- The State of Cambodia (1989-1993);
- The Kingdom of Cambodia (1993 until now).
- AD100 - AD600: The Kingdom of Funan that rules over a vast land of Indo China and part of now South East Asia covers part of Thailand, Laos, Vietnam, and the whole Cambodia.
- AD600 - AD800: The Kingdom of Chenla still rules part of Thailand, Laos, Vietnam, and the whole Cambodia.
- AD800 - AD 1400: The Kingdom and Khmer Empire. The Kingdom starts to crumble thereafter AD 800. The peripheral areas of the Kingdom falls into the hands of the Thais invading from the West and the North and the Vietnamese from the East.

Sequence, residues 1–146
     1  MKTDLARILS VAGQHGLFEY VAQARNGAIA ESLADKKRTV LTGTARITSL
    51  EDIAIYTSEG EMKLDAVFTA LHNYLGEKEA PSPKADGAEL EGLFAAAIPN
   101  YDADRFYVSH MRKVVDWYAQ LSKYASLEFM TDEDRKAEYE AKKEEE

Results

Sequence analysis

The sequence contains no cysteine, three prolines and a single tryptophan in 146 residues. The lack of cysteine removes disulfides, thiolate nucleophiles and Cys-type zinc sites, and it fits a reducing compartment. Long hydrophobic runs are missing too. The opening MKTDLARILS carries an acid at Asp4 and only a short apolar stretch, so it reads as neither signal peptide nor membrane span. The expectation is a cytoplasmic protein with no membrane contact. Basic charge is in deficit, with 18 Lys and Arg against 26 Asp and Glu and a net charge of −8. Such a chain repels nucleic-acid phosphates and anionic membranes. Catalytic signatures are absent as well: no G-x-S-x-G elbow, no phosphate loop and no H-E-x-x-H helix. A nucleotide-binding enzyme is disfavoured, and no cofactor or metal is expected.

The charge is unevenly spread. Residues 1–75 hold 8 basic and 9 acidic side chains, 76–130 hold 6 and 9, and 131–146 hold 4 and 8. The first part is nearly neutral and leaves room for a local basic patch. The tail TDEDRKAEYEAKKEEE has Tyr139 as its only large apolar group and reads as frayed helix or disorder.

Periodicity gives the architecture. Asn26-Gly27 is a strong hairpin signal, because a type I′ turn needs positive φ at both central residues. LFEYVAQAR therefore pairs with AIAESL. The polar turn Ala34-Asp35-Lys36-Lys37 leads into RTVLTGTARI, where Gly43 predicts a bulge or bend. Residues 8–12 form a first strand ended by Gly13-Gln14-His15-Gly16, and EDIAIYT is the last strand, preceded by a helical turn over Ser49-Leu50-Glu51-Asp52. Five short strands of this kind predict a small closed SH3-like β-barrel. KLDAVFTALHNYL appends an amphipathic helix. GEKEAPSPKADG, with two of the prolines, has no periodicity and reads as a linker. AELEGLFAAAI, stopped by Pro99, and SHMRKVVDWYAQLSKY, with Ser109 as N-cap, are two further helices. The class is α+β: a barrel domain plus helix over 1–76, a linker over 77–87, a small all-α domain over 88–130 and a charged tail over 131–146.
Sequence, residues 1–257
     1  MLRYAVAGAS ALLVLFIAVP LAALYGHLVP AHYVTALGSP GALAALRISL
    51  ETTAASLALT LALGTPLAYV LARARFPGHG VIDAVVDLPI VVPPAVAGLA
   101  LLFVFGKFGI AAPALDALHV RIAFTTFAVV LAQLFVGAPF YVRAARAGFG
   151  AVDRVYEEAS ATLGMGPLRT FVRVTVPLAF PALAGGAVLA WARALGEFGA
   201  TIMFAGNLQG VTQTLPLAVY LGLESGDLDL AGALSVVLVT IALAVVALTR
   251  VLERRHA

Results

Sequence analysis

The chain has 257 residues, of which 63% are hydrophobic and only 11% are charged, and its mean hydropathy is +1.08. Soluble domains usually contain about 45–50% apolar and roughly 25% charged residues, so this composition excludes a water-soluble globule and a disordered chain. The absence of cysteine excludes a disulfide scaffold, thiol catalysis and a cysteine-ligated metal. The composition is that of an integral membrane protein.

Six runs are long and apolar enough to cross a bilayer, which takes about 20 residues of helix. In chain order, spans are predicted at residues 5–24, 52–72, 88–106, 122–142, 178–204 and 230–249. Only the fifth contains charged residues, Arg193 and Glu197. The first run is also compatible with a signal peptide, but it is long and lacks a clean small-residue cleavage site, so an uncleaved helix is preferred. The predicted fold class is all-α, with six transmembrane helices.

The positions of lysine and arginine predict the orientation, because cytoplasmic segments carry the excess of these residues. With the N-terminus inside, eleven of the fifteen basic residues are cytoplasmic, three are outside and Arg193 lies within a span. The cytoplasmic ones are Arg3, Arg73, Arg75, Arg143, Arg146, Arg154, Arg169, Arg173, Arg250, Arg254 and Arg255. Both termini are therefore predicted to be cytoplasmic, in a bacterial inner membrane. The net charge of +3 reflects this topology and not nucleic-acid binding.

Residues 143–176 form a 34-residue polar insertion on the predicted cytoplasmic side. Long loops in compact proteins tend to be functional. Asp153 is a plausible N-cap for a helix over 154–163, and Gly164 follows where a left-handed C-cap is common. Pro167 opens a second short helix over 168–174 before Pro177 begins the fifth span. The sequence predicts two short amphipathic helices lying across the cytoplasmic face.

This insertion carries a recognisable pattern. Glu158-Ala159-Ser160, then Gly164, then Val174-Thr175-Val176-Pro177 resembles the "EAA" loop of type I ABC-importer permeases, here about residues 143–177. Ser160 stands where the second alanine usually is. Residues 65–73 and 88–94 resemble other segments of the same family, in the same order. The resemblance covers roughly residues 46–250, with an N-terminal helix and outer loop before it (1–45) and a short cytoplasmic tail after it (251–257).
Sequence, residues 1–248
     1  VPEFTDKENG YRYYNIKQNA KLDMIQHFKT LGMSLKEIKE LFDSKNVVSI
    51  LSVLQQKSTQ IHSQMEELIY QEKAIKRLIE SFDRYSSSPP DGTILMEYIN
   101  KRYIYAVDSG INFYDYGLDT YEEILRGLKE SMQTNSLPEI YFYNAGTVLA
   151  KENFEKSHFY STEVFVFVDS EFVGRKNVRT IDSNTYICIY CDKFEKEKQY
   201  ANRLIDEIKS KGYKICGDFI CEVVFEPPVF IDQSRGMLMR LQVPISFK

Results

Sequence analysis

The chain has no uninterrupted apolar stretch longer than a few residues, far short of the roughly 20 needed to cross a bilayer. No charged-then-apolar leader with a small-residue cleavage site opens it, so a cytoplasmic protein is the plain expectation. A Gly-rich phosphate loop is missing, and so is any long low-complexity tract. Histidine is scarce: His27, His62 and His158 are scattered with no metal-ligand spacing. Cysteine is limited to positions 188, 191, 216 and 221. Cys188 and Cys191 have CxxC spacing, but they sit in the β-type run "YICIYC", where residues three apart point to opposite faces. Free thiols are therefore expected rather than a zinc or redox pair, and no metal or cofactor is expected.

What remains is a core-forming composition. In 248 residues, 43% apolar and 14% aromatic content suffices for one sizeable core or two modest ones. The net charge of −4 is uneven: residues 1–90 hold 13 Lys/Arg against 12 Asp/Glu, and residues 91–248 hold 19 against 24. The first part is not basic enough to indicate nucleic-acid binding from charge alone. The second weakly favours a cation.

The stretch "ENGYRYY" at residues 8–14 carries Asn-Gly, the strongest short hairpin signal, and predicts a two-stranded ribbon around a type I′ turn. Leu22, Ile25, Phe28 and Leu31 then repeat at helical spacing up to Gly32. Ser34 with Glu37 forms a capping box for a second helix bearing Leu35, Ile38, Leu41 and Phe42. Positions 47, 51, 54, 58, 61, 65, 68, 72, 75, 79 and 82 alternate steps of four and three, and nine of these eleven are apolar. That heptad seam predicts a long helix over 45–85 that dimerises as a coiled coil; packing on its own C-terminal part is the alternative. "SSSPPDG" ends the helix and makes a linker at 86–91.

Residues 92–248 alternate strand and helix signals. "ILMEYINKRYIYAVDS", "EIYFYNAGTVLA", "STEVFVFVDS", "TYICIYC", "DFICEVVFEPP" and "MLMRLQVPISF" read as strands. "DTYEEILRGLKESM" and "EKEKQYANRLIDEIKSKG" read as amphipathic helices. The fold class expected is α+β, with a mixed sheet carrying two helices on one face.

- AD1400 - 1860: The erosion of the Khmer Empire. More and more peripheral lands are occupied by the Thais and the Vietnamese.
- 1860 - 1953: The French colonize Indochina and rule Cambodia as protectorate.
- 1953: Cambodia gains independence from France.
- 1975: Cambodia falls into Communism ruled by Khmer Rouge supported by China
- 1979: Cambodia is invaded by Vietnamese that in turn drive Khmer Rouge regime out of power.
- 1991: Cambodia holds a democratic election administered by the United Nations.
The Rise and the Fall of Angkor
- AD900 - AD1200: The development of the City of Angkor
- AD1200 - AD1400: The Decline of Angkor and Khmer Empire
- AD1400 - 1860: The Khmer Empire is in disarray. The peripheral land of the empire is lost to the invading Thais from the West and the Vietnamese from the East.
|Reigns of Khmer Kings: 8th century to early 14th century|